Prélude et fugue sur le nom de Bach, opus 40 - Laurent Coulomb
PRÉLUDE ET FUGUE SUR LE NOM DE BACH
The Prelude and fugue is a tribute to the baroque musical forms glorified by J.-S. Bach. However, it's written in a free atonal technique.
Both parts of the diptych are united by several common elements. The B-A-C-H motif constitutes the shared material for the prelude and for the subject of the fugue, beside many other elements: the sixteenth-note sequence in the prelude is entirely built over the beginning of the counter-subject of the fugue and some pounding motives heard in the prelude reappear in the fugue. Finally, the opening of the prelude can be heard again in the coda, as a closing of the B-A-C-H transformation cycle.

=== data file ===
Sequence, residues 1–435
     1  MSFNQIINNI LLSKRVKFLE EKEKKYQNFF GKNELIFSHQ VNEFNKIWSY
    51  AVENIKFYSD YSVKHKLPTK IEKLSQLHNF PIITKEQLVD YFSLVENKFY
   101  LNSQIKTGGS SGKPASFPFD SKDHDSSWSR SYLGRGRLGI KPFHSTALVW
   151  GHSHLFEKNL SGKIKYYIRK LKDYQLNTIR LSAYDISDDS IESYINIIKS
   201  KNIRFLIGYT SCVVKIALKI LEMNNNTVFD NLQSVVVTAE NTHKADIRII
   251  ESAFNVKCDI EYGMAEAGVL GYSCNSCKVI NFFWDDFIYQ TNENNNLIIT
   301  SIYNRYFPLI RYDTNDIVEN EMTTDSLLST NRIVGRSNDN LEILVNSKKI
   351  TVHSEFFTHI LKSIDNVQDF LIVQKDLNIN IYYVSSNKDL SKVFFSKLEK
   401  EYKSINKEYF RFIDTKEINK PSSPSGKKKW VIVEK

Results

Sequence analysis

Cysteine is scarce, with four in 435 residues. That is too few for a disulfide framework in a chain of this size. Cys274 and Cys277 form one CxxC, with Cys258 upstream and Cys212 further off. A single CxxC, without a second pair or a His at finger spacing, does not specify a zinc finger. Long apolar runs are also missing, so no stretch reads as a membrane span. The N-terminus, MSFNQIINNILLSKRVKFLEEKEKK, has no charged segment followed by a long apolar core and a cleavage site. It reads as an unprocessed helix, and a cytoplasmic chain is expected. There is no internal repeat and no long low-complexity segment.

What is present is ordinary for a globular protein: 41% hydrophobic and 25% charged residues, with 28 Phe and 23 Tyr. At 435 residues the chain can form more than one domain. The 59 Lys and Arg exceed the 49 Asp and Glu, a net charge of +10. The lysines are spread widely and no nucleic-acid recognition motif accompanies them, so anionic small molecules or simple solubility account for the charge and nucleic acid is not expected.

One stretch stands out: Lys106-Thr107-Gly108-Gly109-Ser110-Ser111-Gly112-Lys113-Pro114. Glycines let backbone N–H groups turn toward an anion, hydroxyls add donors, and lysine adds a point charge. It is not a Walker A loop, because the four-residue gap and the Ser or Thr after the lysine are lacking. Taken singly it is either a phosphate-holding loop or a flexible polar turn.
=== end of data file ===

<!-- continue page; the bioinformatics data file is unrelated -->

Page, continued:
The prelude is freely written as a long developing variation of the B-A-C-H motif, interrupted for a brief contrasting moment by a dreamy floating ribbon of eighteen notes. The fugue starts pianissimo at the same slow tempo, in a transparent setting, recalling the baroque style. However the musical flow gradually grows during the episodes, which are built as usual on fragments from the counter-subject and then from the subject itself. This leads to a violent fortississimo acme by the means of arpeggios and ostinatos. The piece thus ends with a quiet coda, and finishes with a discreet quote from the famous aria from the Goldberg variations.